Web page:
Originally published as part of a longer article in the August 2011 issue of Drinks Business.
The Forest Stewardship Council (FSC) has been certifying Mediterranean cork forests since 2005, and by 2010 the certified area had reached nearly 72,000 ha, out of more than 2.5 mha of Mediterranean and North African cork oak landscape.
Certification means cork oak growers can supply to cork stopper manufacturers traceable cork planks from forests certified to adopt landscape-sustainable practices. Part of this sustainability includes forest regeneration to prevent the landscapes from eroding.
Vera Santos, the executive director of FSC Portugal said “Portugal has around 52, 000ha of cork oak forest FSC certified. It is expected that by August this year, the FSC certified area of cork oak forests will reach 90,000ha [due to] a new FSC group certification and some new members joining existing groups.” She added “the target is to have 150,000ha certified by the end of 2012.”
In Spain, some 30,000 ha of mixed forests, including cork forests, have been certified.
Across the two countries there are also some dozen cork manufacturing companies that are certified by FSC to produce FSC-certified products, for example cork stoppers. Amorim have been at the vanguard of FSC certification, but even for them it’s a tiny proportion of their total stopper production, about 10 million FSC stoppers out of 3.2 billion stoppers in total. de Jesus said with FSC there “could be as much as 20% more cost” and what started with single piece natural cork stoppers – the traceability and chain of custody was manageable – now includes technical stoppers and those made from cork particles such as sparkling wine stoppers.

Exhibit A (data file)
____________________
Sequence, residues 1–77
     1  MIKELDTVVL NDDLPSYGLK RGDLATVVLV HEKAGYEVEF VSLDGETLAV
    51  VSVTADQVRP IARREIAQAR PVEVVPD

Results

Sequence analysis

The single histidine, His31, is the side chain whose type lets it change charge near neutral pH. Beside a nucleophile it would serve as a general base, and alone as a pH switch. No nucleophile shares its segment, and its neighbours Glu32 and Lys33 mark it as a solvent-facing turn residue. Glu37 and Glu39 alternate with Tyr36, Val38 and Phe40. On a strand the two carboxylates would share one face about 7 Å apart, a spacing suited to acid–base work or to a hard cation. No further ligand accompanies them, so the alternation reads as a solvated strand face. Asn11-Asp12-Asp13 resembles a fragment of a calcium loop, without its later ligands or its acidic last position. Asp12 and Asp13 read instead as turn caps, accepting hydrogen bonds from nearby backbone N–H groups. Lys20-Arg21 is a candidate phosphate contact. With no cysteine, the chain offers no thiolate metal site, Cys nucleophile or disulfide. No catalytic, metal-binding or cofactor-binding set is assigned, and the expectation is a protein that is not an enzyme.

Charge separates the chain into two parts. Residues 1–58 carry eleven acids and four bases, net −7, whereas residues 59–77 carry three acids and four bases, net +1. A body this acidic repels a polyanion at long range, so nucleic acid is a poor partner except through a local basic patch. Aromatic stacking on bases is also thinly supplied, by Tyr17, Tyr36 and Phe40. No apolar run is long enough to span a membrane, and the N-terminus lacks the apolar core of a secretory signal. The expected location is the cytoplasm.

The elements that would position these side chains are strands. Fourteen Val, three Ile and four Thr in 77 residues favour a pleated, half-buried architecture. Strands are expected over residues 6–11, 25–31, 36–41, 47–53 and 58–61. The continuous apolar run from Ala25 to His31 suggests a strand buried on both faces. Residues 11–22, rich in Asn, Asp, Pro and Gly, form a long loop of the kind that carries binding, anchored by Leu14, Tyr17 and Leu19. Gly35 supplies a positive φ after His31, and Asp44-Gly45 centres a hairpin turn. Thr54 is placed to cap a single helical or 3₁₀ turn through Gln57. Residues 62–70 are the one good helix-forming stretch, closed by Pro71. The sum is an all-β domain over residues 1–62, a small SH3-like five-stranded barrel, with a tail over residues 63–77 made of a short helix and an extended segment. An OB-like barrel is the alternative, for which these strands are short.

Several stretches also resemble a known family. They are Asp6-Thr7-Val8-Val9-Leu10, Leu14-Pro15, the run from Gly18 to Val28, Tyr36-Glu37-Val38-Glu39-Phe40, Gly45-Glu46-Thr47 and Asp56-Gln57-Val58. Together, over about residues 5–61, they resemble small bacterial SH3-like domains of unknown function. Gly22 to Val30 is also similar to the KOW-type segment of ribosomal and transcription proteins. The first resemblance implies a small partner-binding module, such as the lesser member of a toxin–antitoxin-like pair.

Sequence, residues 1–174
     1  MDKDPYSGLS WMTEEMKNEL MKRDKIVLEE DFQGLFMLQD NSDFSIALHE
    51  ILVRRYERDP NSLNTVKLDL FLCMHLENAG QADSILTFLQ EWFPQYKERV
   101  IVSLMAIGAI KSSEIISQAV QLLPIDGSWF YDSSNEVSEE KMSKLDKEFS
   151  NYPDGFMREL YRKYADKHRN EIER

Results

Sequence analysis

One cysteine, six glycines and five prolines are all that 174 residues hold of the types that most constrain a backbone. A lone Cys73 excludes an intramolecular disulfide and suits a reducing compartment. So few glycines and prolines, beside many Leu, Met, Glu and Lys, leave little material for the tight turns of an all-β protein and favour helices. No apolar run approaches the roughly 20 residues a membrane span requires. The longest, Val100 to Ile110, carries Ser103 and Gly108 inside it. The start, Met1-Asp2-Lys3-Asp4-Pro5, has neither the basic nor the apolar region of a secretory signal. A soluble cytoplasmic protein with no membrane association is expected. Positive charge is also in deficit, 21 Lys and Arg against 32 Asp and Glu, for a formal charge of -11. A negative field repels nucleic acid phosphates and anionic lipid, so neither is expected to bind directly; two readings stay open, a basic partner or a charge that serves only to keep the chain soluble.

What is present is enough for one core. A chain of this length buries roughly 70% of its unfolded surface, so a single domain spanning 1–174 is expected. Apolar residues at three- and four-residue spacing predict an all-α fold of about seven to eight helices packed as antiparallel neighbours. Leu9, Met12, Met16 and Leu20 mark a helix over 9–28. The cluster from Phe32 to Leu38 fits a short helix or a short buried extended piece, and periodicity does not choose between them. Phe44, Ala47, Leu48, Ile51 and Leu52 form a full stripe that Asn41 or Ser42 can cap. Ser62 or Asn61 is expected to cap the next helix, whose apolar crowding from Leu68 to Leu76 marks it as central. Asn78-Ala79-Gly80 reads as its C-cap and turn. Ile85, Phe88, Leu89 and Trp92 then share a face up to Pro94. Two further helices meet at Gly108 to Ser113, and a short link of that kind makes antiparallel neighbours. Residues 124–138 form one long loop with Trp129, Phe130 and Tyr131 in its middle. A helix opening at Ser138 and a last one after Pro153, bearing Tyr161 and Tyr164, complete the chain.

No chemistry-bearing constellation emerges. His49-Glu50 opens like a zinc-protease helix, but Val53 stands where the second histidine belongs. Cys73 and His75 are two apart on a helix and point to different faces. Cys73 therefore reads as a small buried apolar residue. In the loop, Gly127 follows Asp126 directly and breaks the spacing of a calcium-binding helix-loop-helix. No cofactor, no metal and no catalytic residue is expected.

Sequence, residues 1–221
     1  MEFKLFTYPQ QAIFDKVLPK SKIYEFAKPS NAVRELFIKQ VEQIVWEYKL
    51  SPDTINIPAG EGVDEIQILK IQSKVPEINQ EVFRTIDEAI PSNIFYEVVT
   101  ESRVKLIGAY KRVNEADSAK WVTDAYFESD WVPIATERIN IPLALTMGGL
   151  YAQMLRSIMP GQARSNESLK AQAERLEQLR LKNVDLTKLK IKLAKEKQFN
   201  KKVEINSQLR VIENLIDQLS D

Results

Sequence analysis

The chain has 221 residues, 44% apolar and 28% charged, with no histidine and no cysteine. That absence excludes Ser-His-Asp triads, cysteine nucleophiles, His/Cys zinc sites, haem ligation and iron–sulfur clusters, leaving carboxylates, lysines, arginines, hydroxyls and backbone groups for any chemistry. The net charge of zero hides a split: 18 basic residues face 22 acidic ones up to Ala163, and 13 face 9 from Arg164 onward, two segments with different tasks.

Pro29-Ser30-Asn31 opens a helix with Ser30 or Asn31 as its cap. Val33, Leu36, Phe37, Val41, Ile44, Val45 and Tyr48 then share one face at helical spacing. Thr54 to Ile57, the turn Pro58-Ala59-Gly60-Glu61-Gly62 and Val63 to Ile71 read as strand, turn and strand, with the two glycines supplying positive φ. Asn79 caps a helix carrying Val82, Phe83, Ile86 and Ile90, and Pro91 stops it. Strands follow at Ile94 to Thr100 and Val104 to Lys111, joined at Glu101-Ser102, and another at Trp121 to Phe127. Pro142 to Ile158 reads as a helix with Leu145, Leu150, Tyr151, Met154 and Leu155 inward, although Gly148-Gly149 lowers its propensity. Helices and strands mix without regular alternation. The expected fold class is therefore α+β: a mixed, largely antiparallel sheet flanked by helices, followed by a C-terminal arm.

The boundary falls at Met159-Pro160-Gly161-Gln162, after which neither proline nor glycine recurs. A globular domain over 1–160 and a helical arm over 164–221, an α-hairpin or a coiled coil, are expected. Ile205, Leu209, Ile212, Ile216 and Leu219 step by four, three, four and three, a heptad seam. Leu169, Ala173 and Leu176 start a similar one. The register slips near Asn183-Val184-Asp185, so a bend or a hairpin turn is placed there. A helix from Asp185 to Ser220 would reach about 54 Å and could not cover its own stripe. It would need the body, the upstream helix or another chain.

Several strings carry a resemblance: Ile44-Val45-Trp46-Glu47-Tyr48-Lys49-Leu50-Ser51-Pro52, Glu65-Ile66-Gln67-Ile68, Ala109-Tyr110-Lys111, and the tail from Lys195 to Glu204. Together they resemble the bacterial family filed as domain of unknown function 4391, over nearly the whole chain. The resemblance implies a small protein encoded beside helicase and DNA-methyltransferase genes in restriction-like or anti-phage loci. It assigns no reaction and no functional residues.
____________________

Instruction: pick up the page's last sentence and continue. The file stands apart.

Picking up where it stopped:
As recently as a couple of months ago [sub – the timing of this comment is correct for August publication] the manufacturers of diam stoppers “applied for FSC certification, which should be available by the end of this year” said their vice president of marketing, Bruno de Saizieu. But, he added “demand is not huge, today it’s less than 1%”
Clem Yates, winemaker and product technical manager for Sainsbury’s, said “own label wine accounts for one third of the wine range at Sainsbury’s and of that I would say 40% of those wines are under cork. We are already the world’s largest purchaser of FSC corks and use over 6 million corks per annum.”
Environment clearly plays a role in decision making. Yates said “At JS, one of our core values is sourcing with integrity. This helped us decide to move all our own label cork stoppers to FSC.” This is a work in progress, initially moving existing cork stoppers to FSC cork.
Over at the Co-op, Ian Rogerson, their technical manager for beverages, said “As a business, we’re committed to using more sustainable packaging. The Co-operative has moved a large number of its own-brand wines with cork closures to FSC cork. We are trying to move as many suppliers as possible to FSC, on our own labels.”
He suggested supply had been a limiting factor, saying “When FSC closures first came on market, they were initially only available at very top end of the market”, i.e. single piece cork. He said that regular level stoppers, and technical stoppers only became available about two years ago, adding “the quantity of FSC material available is now beginning to increase, so opportunities to pursue this option are becoming greater.”
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